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Commentology

Mitch came to the defense of Sanjay Gupta in the thread on Maggie Mahar’s post “Doubts About Gupta for Surgeon General.

“I guess I see this differently.  One, Gupta is one of the most respected surgeons in the country in his field.  Two, his work on TV makes him a natural communicator with the public, which we haven’t had for a very long time.  Three, using his TV work to condemn him pretty much says that anyone who’s been in TV should be automatically disqualified for government work.  Four, he talked about Anna Nicole Smith because that was his job; not everyone gets to pick and choose what they do or don’t want to do at work.  Five, Moore did fudge some of the facts, and if you don’t believe me, ask people in Canada, England, and Australia that live in larger communities how long it takes them to get major procedures unless they pay for it themselves.  And six, so he’s against medical marijuana; not every doctor agrees on every single thing.  What’s happened to qualifications as guideposts for whether someone is qualified for a position or not?  From where I sit, he’s imminently more qualified for the post of surgeon general than Leon Panetta is qualified to be the head of the CIA; true, it’s not a medical comparison, but it’s valid nonetheless.  Sounds like a lot of jealousy to me from no-name, if possibly qualified, physicians, who wish it were them than Dr. Gupta.”

Richard Reece MD had this response to Roger Collier’s Sunday morning post “The Siren Song of Public Programs …”

In their frenzy for public programs to expand cover to all, wonk enthusiasts removed from reality conveniently forget the key to making expansion work: physicians. Coverage without physician access is meaningless. And the only federal progam doctors hate more than Medicare is Medicaid. Both are bureaucratic landmines, and both pay considerally less than private coverage.

Microsoft’s Bill Crounse MD added this on Brian Klepper’s post
nominating Dr. George Lundberg as an alternative to Dr. Sanjay Gupta. (“George Lundberg, MD for Surgeon General“):

“Dr.
George Lundberg would be a terrific Surgeon General. He is not only an
icon of our industry, but a very nice man. It was my pleasure to work
with him from time to time during years of anchoring television
programs and specials for Lifetime Medical Television and also for the
AMA. He’s a class act. I can also say that, having been a physician
broadcaster for much of my career, Dr. Sanjay Gupta has managed to do a
first-rate job balancing journalistic integrity with the ratings-driven
demands of television. Each candidate would bring unique strengths to
the position of Surgeon General.”

The
big question in my mind is why either George or Sanjay would want the
job. With the exception of Dr. Koop (who was also a master of media)
most SG’s have been pretty much irrelevant and largely forgettable.
Maybe that makes the case for why we need a Surgeon General of George’s
or Sanjay’s caliber. Perhaps the best idea would be to extract the DNA
of each and clone the perfect candidate; highly intelligent,
unflappable, scientific, academic, convincing, uncompromising, and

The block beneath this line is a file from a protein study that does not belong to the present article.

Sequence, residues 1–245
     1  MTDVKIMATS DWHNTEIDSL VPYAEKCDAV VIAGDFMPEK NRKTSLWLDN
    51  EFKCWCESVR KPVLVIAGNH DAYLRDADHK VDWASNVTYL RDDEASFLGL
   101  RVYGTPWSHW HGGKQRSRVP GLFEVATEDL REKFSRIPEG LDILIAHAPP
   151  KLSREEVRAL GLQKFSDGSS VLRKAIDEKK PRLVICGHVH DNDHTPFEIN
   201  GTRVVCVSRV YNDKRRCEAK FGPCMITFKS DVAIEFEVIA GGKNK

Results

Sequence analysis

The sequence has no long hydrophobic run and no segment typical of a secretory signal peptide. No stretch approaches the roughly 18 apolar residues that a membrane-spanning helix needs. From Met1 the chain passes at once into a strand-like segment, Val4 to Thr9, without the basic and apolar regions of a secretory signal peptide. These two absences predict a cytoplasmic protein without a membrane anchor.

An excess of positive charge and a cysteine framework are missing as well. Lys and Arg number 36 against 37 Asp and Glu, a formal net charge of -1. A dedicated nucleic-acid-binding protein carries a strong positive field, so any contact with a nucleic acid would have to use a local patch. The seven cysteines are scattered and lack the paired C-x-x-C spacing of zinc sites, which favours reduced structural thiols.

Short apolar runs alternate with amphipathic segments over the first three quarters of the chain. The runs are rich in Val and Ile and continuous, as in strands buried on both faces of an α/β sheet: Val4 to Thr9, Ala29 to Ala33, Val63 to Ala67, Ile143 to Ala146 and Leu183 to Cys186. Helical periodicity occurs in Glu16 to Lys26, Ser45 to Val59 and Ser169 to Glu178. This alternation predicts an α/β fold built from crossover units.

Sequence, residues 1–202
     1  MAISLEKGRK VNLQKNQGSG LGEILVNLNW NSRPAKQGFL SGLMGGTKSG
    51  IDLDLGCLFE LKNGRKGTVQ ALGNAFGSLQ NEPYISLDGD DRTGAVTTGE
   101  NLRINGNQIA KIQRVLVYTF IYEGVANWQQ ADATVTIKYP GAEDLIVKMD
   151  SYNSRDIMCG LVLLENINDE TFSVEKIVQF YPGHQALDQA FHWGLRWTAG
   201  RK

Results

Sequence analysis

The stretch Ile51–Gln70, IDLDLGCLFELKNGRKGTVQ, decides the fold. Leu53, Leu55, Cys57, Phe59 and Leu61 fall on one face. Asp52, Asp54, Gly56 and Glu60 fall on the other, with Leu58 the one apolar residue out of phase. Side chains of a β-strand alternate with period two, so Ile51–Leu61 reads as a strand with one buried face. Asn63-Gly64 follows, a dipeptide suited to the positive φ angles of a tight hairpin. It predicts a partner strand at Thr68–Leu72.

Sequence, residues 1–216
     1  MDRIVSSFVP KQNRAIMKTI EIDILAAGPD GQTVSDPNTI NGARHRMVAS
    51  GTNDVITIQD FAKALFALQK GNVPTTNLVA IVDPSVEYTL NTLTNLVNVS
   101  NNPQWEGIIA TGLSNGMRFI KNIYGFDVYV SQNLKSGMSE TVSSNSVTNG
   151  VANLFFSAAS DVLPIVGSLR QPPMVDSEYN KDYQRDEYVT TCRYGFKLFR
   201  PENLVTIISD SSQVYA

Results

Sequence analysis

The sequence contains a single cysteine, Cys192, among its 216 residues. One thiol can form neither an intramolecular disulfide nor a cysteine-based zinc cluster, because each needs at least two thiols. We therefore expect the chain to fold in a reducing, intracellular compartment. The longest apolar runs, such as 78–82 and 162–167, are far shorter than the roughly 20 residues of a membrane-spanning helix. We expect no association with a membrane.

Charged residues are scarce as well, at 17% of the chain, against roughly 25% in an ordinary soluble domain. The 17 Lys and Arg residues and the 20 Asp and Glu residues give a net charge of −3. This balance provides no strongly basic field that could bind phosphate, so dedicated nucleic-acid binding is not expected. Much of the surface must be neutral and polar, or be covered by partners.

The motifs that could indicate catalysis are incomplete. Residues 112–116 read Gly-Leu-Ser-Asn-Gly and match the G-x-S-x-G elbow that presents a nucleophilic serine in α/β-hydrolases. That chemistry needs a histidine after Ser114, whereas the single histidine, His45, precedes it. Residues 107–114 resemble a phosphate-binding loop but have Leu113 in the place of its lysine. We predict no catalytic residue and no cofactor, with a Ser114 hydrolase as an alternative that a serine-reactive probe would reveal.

totally savvy with media old and new.”

Matthew’s post “Cats and Dogs: Can we find unity on health care IT change?” drew this response from CCHIT’s Mark Leavitt, the target of the wrath of several commenters:

“Let’s
get to the bottom of this get to the ‘meat’ of this dog/cat melee.  As
health IT ascended to become a topic of national policy in the past few
years, it simultaneously became politicized.  Now there have always
been vigorous debates in health IT —  best-of-breed vs single vendor,
client-server vs web, Health 2.0 vs provider EHRs — and these should
go on.  What is new, though, is the metamorphosis of health IT experts
into charismatic national figures.  For many of us whose main political
experience was becoming president of the high school physics club, it’s
an ego rush to testify to Congress at a televised meeting or appear on
a list of healthcare’s 100 most powerful people.  But media interest
thrives on controversies, not reasoned agreements.  It makes the news
more exciting, but does it benefit our shared cause of improving health
and health care?   Is it possible some dogs and cats have been sucked
into intentionally provoked interspecies fights to boost their
visibility profile?”

Margalit wrote in on the topic of interspecies warfare as well:

“I’m a catdog. When a situation is as dire and as
complex as the one our healthcare system finds itself in today, there
usually is a need for multiple
venues of intervention. It is true that the beneficiaries of whatever
we do, must be the patients. The problem is very simple to define:
healthcare in the US is
too expensive. The solutions, or the various possible interventions are
mostly loaded with social/ideological implications.”

Meanwhile, Lone Consumer Voice had this note of caution to add on the whole theme of dog-cat analogies ..

“Millions of Cats and Dogs are able to get along just fine but under no circumstances should cat-dog introductions be handled by throwing the animals together and letting them work out things on their own. That method is far too stressful and introductions can be dangerous even in the best of circumstances. Some dogs see cats as prey and might have an urge to bite them, and even those dogs who are generally easygoing may react instinctively to a cat on the run, attacking the smaller animal…”

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